In 1967 there were 60 mosques in Israel. In 1977 there were 150. By 1993, almost another hundred had been built bringing the total to 240 mosques. (1)

In 1947 most of the Arabs in living in Palestine lacked even a grade school education. Arab women were worse off, many did not receive the most rudimentary secular education. Now, in the disputed territories alone, there are over 8 Arab Universities that have been built and funded by Israel. Hebrew University invites PLO members whose charter calls for the destruction of Israel, or the "liberation of Palestine" to lecture. Students are, as their peers in American Universities, mentored by the leading pro-Arab voices in the world.

(Naturally this begs the rhetorical questions:
How many synagogues have been built in Arab countries in the last 50 years?
How many state funded Universities in Arab countries have been built to educate anti-Arab Jews? )

There are many other ways in which the nature of the "Jewishness" of Israel is being challenged; non-Jewish immigration, no public Shabbat closings, etc. I met several women who had returned from a tour in Israel, and though none were particularly religious here, were dismayed to find that bacon and eggs could easily be had for breakfast. One, in her 60s recalled that when she visited Israel many years ago, she was thrilled to be able to buy kosher snacks on the streets and kosher meals in restaurants. 30 years ago American Jews relied on Israel to be the one place in the world where everyday life was, at least on the level of some religious observances, Jewish. Now it seems that naive dream is fast disappearing.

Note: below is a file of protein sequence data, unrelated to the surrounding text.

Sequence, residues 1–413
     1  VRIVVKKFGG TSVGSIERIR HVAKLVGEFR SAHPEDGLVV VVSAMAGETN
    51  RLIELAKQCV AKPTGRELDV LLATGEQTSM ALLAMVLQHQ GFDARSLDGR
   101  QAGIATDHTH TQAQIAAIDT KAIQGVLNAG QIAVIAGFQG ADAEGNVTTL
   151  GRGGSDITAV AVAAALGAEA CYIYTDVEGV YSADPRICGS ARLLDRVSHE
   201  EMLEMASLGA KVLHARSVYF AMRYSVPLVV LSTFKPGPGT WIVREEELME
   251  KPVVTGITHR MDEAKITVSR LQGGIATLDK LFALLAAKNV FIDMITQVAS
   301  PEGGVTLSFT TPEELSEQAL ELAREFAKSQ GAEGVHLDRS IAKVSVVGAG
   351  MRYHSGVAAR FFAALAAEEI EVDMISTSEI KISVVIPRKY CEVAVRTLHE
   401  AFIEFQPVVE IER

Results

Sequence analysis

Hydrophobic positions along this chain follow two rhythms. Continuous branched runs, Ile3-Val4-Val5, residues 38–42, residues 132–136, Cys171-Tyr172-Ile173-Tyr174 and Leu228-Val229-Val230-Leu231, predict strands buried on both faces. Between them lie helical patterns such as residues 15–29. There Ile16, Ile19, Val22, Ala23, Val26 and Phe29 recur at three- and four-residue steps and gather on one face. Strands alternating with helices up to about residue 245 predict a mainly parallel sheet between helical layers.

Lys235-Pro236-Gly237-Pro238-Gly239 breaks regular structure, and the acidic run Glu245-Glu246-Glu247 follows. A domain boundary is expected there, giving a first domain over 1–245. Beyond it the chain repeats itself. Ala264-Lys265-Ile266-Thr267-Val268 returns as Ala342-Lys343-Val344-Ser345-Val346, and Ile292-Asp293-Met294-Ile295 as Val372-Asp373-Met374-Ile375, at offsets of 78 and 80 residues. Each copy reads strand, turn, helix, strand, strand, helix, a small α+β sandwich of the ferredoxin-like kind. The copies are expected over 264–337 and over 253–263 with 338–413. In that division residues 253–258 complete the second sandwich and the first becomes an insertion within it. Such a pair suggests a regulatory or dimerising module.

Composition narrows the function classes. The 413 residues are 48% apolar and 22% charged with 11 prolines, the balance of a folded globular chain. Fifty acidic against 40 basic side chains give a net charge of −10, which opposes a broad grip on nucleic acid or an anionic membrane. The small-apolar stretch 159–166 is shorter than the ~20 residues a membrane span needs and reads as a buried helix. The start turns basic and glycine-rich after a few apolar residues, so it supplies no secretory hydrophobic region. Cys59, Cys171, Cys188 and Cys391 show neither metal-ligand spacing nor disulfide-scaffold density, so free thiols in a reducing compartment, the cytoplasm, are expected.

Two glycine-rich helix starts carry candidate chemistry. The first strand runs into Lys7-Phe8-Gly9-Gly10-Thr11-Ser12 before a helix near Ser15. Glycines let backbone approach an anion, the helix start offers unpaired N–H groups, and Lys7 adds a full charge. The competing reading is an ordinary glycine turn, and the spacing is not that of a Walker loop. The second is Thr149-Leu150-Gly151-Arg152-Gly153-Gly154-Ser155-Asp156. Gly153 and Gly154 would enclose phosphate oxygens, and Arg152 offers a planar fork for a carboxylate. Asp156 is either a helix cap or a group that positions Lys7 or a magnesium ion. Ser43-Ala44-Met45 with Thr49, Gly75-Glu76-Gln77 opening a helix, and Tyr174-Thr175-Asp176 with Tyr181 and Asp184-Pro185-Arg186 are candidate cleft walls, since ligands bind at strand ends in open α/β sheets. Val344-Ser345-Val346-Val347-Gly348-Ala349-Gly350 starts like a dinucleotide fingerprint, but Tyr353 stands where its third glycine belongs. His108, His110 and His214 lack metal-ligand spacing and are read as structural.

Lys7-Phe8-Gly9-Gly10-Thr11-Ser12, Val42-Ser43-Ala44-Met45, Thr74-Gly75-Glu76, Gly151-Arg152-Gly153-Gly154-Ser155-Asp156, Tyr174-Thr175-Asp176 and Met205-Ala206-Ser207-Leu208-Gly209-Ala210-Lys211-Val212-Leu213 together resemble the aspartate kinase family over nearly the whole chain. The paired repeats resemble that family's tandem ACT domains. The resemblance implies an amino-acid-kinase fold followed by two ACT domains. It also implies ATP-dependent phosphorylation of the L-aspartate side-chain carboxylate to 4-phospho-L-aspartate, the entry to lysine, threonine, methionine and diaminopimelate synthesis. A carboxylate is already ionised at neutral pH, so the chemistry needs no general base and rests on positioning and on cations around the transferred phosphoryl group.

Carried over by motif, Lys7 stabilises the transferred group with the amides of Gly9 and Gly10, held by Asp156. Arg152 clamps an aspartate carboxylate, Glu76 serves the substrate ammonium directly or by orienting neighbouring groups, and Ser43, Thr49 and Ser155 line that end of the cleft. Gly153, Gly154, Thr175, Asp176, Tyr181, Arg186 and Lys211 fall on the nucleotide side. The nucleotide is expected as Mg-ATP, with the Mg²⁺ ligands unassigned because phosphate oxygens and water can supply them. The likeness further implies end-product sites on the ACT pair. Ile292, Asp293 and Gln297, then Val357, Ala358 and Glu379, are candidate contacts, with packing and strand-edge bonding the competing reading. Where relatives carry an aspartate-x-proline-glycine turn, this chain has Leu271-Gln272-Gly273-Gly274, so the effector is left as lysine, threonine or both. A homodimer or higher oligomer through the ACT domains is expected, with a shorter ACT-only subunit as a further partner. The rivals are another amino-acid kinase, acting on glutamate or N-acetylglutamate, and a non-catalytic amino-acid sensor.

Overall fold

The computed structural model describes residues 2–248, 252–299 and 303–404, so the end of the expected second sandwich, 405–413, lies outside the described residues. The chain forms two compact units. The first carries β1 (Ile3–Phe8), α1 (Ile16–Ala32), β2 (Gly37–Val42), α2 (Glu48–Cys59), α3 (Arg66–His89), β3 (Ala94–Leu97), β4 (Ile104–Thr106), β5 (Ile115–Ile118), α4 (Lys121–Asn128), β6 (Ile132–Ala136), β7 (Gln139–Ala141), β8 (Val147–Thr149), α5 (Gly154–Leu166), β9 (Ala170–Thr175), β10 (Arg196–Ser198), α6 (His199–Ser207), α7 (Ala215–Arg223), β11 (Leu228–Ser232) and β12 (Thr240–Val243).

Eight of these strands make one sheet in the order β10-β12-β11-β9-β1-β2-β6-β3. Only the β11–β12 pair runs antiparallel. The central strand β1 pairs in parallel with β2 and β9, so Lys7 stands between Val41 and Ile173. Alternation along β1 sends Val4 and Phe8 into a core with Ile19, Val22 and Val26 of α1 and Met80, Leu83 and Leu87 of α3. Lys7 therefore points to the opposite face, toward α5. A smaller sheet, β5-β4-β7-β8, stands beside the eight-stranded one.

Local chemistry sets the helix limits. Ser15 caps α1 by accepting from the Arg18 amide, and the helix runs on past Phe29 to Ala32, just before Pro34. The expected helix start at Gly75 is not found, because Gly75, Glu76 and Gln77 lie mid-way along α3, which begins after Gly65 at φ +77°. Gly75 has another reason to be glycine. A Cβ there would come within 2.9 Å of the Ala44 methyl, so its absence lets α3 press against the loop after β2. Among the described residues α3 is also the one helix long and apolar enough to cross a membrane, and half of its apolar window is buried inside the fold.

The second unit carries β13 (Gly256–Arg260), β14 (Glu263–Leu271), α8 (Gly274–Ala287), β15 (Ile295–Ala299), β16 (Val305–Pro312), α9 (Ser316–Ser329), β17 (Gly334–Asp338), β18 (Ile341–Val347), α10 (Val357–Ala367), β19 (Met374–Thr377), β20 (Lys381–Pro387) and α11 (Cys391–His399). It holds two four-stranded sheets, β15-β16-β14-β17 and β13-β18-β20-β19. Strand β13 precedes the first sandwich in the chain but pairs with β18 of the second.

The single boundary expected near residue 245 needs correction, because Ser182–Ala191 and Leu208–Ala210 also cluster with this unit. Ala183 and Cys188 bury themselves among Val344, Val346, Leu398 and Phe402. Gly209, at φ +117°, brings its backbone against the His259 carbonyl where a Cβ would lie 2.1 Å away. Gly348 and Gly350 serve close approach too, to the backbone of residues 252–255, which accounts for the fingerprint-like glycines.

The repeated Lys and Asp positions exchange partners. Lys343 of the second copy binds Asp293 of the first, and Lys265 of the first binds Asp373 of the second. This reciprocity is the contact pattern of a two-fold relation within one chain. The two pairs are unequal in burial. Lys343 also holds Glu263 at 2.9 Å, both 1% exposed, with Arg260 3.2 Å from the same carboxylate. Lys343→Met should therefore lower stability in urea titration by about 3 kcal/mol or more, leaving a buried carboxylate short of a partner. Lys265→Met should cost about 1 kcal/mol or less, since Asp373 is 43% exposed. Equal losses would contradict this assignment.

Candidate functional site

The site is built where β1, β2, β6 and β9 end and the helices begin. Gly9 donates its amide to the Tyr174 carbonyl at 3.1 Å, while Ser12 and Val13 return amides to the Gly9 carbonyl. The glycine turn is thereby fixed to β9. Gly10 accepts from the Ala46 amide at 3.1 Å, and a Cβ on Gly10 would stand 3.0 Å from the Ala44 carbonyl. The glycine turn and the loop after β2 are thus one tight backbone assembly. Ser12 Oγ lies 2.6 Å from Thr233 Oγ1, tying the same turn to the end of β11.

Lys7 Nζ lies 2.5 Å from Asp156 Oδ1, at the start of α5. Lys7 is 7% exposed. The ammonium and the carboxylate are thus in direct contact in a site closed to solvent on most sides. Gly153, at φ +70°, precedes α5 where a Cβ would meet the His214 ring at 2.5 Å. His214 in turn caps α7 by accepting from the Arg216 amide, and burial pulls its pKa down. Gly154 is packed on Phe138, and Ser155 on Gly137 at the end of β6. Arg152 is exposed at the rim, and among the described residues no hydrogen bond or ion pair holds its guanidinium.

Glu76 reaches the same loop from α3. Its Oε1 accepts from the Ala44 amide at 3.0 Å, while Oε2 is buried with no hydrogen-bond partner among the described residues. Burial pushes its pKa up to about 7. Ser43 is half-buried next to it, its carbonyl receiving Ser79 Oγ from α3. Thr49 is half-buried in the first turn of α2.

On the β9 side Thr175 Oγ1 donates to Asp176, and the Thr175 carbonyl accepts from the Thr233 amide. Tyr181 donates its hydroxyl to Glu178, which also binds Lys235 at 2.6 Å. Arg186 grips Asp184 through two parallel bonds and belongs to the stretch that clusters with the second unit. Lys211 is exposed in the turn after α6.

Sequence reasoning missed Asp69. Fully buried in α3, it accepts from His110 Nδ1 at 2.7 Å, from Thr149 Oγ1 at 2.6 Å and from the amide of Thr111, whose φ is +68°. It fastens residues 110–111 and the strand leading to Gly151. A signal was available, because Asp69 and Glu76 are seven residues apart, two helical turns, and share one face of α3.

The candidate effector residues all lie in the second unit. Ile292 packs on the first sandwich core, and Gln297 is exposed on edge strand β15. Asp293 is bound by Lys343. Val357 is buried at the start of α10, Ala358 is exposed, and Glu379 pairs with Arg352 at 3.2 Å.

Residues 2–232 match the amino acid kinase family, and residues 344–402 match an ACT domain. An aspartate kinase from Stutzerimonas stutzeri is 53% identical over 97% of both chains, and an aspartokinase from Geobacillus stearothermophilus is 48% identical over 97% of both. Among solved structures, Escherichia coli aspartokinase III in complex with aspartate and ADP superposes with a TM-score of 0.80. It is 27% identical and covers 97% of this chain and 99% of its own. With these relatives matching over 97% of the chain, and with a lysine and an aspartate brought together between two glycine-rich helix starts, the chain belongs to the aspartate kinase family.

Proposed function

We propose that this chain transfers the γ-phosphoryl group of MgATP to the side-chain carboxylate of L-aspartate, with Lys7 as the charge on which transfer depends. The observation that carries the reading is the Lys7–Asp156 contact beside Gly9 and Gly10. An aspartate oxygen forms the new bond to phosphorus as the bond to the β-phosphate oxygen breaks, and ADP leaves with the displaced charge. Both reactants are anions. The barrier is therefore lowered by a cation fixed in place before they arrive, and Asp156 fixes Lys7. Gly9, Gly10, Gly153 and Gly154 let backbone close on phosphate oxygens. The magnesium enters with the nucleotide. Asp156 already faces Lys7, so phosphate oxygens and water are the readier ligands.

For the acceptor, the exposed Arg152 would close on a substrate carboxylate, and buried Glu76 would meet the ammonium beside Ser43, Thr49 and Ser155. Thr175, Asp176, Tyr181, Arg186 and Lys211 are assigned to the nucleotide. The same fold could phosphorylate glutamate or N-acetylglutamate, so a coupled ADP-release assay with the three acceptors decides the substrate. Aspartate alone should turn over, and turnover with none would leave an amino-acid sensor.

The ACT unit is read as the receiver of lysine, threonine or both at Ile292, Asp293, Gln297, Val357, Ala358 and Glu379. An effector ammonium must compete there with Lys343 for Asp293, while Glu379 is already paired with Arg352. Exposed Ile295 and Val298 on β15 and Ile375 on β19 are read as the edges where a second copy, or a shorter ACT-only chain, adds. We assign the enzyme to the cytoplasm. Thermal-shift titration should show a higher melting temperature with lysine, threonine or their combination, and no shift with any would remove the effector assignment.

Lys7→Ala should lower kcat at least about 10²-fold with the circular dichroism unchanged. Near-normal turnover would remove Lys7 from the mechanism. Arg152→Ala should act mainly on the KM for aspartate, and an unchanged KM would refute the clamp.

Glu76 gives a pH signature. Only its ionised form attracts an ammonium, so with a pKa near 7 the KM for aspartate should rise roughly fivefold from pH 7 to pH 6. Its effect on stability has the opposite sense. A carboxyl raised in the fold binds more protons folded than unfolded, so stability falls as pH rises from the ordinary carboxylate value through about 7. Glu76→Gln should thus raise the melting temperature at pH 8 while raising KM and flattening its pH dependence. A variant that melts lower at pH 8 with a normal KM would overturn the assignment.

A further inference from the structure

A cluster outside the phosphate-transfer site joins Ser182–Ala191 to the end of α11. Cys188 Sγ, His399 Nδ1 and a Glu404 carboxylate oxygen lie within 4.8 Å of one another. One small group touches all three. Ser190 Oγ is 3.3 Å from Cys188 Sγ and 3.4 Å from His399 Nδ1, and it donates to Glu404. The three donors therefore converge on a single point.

Also seemingly forgotten is that Israel is not a miniature United States. America certainly shares the peculiar honor inherent in extreme democracies of funding educational institutions that condemn the very government that supports them. But America has had over 200 years to support the initial "isms" it was built on, one of which is as a home for everyone, not just Jews or Christians or Muslims.